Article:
The first time a safety car was ever used during an F1 race was during the Canadian Grand Prix in 1973 following various incidents under treacherous weather conditions. But what is the role of the F1 safety car? It wasn't until 1992 that the FIA laid down clear guidelines for the role of the safety car, following trials at the British and French Grands Prix.
The safety car comes into use during an F1 race when the Race Director - currently Charlie Whiting - wants to reduce speed for safety reasons. This could be after an accident or because the track is waterlogged following a period of heavy rain. According to the regulations, the safety car enters the circuit “whenever there is an immediate hazard but the conditions do not require the race to be interrupted”.
Since 2000 the FIA has entrusted the task of driving the safety car to Bernd Maylander, a former successful touring car racer. Since 1996 the official Formula One safety car has been supplied by Mercedes-Benz, but we take a look further back at some of the other cars to have led F1 cars round the track.
This yellow Porsche 914 was the first ever F1 safety car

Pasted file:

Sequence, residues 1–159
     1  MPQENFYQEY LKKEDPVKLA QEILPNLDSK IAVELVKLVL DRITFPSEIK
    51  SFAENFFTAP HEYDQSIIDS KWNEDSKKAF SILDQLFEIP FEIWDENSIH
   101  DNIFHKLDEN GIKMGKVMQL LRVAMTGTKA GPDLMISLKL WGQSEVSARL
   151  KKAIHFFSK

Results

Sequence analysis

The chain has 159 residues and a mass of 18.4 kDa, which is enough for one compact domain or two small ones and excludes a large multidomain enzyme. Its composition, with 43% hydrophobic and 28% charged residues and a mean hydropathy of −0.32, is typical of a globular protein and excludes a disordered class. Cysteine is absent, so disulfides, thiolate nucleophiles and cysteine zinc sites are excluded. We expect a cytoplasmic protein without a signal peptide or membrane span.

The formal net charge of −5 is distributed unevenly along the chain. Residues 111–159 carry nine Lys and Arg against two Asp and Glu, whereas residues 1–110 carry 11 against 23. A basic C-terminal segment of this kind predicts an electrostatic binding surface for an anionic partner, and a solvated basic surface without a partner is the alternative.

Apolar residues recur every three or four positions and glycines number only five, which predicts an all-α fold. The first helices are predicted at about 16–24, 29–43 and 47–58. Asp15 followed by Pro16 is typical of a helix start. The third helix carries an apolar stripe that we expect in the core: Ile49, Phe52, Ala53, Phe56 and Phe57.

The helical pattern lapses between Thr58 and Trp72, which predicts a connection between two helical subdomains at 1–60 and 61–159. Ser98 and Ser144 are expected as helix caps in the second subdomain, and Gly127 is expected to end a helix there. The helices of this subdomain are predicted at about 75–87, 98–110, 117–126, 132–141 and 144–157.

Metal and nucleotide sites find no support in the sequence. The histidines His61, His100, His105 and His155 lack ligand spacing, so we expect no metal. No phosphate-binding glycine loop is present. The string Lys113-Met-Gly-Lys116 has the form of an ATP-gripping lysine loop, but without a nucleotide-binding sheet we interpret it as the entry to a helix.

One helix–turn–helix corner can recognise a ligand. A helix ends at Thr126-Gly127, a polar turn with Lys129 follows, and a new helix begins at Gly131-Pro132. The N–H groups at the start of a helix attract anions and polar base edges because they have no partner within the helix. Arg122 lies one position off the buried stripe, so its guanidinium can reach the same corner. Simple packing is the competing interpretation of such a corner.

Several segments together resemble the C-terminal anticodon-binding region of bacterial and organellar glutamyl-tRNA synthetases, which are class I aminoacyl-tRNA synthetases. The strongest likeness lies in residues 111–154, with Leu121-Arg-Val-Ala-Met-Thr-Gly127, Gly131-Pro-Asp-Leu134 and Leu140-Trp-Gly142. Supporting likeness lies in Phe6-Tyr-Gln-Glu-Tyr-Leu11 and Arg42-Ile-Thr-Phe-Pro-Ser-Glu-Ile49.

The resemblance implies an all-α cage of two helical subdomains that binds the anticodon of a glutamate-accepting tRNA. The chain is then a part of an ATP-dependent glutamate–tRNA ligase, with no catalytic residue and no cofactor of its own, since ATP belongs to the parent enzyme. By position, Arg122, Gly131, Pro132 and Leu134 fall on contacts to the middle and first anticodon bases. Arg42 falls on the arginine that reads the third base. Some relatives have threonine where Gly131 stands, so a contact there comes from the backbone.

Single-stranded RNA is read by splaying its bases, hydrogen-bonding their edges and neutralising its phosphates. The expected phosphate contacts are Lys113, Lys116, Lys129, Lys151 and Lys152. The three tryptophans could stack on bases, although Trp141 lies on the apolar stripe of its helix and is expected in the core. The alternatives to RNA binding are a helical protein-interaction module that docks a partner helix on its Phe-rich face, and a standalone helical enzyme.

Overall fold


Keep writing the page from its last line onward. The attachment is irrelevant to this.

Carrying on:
The Lamborghini Countach was used during the 1981, 1982 and 1983 Monaco GPs
The first official pace car was a Fiat Tempra, seen here during the 1993 Brazillian GP due to the wet conditions.
1996 F1 Renault Clio Williams Safety Car
1995 Porsche 911 GT2 used at Spa
Ford Escort Cosworth F1 Safety Car 1993 British GP
Lamborghini Diablo F1 Safety Car from the 1995 Canadian GP
With Mercedes-Benz providing safety cars to F1 since 1996, we had to include a couple in this list.
The Mercedes-Benz SL63 AMG was used during the 2008 and 2009 seasons
The Mercedes-Benz SLS AMG GT was used between 2012-2014
And now we're on to the current F1 safety car. The Mercedes-AMG GT Safety Car is basically an
AMG GT S road car. The 0-62mph sprint takes just 3.8 seconds, with a top speed just shy of 200mph.
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